・Learn about shipping restrictions and prohibited items
If you are shipping your personal effects and household goods overseas, it is important to be familiar with restricted and prohibited items.
Although personal effects and household goods shipments normally do not contain commodities that are overtly hazardous or illegal, depending on one’s interests or occupation, one might have some restricted or prohibited items. Learn about restrictions for international shipping.
Besides the commodities listed here, there are goods classified as dangerous goods when they are transported by air. If you are shipping by air, please also see the page containing dangerous goods for shipping by air.
There are all kinds of commodities in the universe, which means that there are all kinds of restricted and prohibited goods, especially when they are shipped across borders. Thus, it is not possible to list everything, though we hope that the information on this page will help.
Some goods are subject to export control. Some examples are oscilloscopes, bearings, lubricant, carbon/glass fibers, generators, and vacuum pumps, as they are listed on the commodity watch list for Weapons of Mass Destruction. For example, some oscilloscopes fall into the category of strategic weapons because their parts could be used for making strategic weapons. Some parts of high-tech machines could be used for making strategic weapons and nuclear weapons. These would draw the attention of the customs office, which may ask you to submit a parameter sheet/certificate of non-applicability. Do not pack such items in boxes unless you have parameter sheets/certificates of non-applicability.
・Nintendo Switch – The Nintendo Switch is one of the above-mentioned restricted goods subject to export control because of its high-tech parts. Export is not allowed without a parameter sheet/certificate of non-applicability. The Sony PlayStation once had the same restriction, but it was lifted in 2000.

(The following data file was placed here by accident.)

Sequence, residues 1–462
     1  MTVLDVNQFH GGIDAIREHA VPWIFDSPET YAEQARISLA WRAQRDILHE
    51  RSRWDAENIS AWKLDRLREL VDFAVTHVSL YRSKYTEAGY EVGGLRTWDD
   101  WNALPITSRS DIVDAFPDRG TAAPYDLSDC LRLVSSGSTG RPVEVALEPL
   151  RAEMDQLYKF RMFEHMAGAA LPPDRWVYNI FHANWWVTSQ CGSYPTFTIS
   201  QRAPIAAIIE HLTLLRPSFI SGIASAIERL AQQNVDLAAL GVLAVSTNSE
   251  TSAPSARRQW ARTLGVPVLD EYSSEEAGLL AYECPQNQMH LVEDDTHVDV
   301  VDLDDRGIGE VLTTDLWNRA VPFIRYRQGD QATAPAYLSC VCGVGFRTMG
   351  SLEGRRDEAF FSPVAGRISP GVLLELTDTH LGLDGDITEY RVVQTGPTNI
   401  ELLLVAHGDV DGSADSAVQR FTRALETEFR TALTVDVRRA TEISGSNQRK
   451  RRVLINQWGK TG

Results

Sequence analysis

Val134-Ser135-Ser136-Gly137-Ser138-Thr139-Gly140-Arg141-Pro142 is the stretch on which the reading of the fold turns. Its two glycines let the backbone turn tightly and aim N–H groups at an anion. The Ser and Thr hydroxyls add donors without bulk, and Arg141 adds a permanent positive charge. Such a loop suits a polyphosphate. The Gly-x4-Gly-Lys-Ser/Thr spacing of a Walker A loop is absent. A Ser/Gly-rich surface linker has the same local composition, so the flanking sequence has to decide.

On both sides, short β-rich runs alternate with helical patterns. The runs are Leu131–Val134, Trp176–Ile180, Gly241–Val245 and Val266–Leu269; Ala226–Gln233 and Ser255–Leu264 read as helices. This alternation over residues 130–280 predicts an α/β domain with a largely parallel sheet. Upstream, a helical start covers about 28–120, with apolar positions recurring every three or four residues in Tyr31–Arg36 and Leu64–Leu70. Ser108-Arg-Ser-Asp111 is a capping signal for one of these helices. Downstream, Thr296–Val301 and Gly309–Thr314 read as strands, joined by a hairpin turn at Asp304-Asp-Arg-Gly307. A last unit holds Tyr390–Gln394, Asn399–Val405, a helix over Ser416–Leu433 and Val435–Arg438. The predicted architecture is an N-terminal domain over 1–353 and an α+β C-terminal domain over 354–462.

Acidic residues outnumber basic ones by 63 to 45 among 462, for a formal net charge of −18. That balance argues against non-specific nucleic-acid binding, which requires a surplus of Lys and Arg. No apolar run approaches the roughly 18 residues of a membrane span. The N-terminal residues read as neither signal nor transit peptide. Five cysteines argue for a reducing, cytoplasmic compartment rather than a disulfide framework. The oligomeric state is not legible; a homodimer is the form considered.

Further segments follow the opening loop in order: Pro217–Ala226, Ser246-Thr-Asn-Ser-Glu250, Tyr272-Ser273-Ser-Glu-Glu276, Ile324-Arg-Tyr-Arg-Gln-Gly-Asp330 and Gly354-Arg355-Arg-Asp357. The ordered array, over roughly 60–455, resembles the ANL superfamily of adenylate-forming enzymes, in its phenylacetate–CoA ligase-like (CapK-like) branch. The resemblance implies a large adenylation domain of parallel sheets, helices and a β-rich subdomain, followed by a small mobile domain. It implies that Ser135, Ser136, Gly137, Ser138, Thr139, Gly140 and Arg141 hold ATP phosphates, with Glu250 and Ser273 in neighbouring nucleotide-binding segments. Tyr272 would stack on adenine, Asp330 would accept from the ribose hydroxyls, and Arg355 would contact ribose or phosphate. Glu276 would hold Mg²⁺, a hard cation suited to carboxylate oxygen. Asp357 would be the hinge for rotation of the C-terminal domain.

・Goods for sale or resale (they must not be shipped together with or as personal effects)
・Items purchased for someone else – For example, if you are shipping three rice cookers, it will be understood that one or two of them are for someone else, such as a friend or relative. Therefore, you will encounter problems at the time of customs clearance on the Japan side.
・The belongings of someone other than your accompanying family members
・Motorcycles – Motorcycles can be shipped but must be customs cleared
as a separate shipment from a personal effect shipment. i.e. motorcycle and personal effects cannot be cleared through customs and shipped as one consignment.
・ A large number of certain goods – If, for example, you are a faculty member or a researcher, it would make sense to ship thousands of books. In such a case, we would simply notify Japanese customs about your occupation and, generally, it would be okay. Also, some people may ship a large number of old games, comic books, CDs, or LP records they collect for hobbies. Unless the amount is really large, it is generally okay.
On the other hand, if you are a painter and are shipping a considerable number of drawings or paintings, customs may want to inspect the contents to see if any items seem to be for sale or resale. (The reason is that paintings could be sold for high prices; they are also among those items that are often imported/exported for sale/resale purposes.)
・Lithium-ion batteries (for PCs, etc.)/PCs with lithium-ion batteries
・Toy or model guns
・Electrically assisted bicycles
・Cremated human remains – Cremated human remains must be transported under a special airway bill.
・Precious stones, gold, or the like – They must be shipped as valuable cargo under a special air waybill with a special commodity rate.
・Syringes or needles for syringes
Goods that may be subject to CITES (Washington Convention), i.e., products made from materials (animals or plants) that are possibly subject to the Convention on International Trade in Endangered Species of Wild Fauna and Flora. In some cases, the academic names of plants or animals must be indicated even if they are not made of materials prohibited by the Washington Treaty, to verify non-applicability.